Reviews about Osama Bin Laden’s Death

The death of Osama Bin Laden has been an event anticipated by many nations; however, it still comes as a shock to everyone even though a lot have been waiting upon this day for almost a decade. While Bin Laden’s actions and history of being responsible for the death of thousands that have lost their children on that day or children that had to grow up without their parents cannot be justified, I personally do not find it appropriate the way he was murdered. Every criminal needs his punishment and needs to pay the dues for his actions but what difference does it make between Bin Laden and us, if we take away his life the same way he took thousands of lives? Like Martin Luther king, Jr. once said, “ I mourn the loss of thousands of precious lives, but I will not rejoice in the death of one, not even an enemy. Returning hate for hate multiplies hate, adding deeper darkness to a night already devoid of stars. Darkness cannot drive out darkness: only light can do that. Hate cannot drive out hate: only love can do that.” Bin Laden deserved death as a penalty for the era of terrorism he put the world through, however, not this way. In general, I  oppose death sentences, I do not believe that any human has the right to make the decision of ending another human being’s life. this is why my opinion in the Binladen’s case is contradictory, yet Osama bin laden wasn’t  just a normal person, he was the reason of major catastrophes like September 11th .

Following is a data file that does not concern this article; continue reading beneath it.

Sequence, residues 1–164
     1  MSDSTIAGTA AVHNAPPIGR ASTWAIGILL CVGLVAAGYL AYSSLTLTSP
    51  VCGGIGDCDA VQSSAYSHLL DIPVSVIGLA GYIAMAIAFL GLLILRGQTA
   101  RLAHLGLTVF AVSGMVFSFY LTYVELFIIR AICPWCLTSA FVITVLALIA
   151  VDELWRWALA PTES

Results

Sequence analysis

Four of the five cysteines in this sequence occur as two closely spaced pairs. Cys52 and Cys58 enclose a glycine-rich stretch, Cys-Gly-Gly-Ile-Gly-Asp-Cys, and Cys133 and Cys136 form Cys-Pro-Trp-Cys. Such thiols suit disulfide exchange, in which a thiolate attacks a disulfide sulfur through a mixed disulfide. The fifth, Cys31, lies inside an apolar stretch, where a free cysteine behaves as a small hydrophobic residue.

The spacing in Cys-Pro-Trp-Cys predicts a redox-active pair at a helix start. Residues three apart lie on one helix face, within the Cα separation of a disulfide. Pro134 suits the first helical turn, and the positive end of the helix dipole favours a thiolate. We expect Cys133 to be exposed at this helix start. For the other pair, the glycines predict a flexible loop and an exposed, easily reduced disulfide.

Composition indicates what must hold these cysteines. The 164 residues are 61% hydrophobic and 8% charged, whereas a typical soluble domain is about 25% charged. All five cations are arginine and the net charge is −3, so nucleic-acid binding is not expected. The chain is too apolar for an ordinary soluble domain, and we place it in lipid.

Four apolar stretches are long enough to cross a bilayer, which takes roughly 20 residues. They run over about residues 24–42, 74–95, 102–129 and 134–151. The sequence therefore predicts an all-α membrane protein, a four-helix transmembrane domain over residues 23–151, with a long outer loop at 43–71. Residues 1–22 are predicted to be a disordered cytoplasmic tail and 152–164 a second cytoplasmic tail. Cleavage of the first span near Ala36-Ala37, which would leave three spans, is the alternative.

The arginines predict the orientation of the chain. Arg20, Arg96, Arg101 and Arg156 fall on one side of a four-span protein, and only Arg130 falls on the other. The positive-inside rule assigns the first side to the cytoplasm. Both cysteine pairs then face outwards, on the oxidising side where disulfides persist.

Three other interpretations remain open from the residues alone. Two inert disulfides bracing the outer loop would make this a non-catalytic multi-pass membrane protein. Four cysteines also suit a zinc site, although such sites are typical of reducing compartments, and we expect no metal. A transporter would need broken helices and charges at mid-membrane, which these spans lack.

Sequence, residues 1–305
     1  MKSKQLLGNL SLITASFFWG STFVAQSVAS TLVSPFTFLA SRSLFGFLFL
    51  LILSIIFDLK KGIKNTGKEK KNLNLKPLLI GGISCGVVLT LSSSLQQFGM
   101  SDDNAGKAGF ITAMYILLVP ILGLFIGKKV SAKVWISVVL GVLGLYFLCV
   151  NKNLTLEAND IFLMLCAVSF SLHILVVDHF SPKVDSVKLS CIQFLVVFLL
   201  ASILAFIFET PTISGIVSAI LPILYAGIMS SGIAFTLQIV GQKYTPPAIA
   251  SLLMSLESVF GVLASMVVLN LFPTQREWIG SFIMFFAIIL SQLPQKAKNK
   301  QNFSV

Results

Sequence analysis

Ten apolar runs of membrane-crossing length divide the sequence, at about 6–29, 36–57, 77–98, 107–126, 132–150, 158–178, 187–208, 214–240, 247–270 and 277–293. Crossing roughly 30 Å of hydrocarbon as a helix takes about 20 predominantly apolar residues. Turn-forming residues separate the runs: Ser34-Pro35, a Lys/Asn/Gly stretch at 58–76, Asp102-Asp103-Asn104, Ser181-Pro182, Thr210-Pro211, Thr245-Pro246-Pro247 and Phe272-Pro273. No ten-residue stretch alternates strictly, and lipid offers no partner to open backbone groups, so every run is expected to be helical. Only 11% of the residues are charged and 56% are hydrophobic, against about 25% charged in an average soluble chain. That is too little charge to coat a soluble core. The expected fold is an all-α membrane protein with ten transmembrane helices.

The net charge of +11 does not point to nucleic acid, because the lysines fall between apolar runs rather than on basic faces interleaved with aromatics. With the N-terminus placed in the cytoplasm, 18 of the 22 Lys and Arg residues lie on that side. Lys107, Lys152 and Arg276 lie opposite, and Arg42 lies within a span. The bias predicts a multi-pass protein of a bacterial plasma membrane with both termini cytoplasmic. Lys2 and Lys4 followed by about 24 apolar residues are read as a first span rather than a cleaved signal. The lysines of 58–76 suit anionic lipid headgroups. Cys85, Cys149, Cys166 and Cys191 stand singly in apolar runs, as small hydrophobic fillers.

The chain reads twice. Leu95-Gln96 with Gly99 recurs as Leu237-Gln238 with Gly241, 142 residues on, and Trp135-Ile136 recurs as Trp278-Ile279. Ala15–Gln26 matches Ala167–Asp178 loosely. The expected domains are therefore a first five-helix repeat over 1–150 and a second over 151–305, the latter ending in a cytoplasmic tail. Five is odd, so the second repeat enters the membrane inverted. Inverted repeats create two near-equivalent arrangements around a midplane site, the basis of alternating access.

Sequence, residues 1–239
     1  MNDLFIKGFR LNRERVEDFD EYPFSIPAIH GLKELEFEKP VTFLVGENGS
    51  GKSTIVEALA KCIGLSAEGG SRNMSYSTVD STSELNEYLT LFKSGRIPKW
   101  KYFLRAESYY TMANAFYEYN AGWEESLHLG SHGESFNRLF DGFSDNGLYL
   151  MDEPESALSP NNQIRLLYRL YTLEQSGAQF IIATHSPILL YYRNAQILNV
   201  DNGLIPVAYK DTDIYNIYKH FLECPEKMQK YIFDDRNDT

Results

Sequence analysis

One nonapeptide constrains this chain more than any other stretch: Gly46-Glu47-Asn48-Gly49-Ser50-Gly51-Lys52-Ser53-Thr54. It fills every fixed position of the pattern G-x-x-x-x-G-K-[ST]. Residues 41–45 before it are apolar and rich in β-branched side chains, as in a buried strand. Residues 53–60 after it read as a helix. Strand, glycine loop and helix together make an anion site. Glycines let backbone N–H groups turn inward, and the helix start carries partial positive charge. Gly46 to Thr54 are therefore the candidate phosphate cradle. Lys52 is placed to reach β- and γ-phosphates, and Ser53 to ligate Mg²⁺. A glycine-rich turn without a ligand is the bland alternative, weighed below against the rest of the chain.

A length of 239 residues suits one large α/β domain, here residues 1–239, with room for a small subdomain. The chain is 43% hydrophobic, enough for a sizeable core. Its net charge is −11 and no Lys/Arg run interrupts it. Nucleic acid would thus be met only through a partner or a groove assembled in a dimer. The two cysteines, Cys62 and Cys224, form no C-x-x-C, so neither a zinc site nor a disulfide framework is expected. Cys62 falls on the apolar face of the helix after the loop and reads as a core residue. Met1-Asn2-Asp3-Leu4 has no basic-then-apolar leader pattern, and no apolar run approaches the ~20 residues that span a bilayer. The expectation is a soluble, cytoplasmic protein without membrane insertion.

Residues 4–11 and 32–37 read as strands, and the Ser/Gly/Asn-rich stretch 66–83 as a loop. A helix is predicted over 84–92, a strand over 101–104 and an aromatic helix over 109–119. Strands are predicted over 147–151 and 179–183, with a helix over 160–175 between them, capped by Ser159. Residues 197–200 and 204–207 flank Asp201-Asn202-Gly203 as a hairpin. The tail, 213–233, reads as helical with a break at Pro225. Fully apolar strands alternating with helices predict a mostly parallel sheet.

However, It would not have been difficult for the troops who murdered him to capture him instead and put him to trial where he can face the consequences of his actions in front of the entire world, it was the best thing to kill him in order to stop what we can from terrorists attacks, how ever, the brutal way in which he was killed and buried was too much for me to accept, yes American’s had a case against him but they had no right to capture, kill and get rid of him this horrible way.

As an Egyptian, Osama Bin Laden’s death gives me hope that revolutions like ours did not go to waste and that one day all the corrupt leaders will get the punishment they deserve for mistreating their nations and making the world a place that is void of peace.

By: Marina Saher, Mohamed Hosny, Dana Habib, Yostina Youssef and Mohamed Ashraf

Advertisements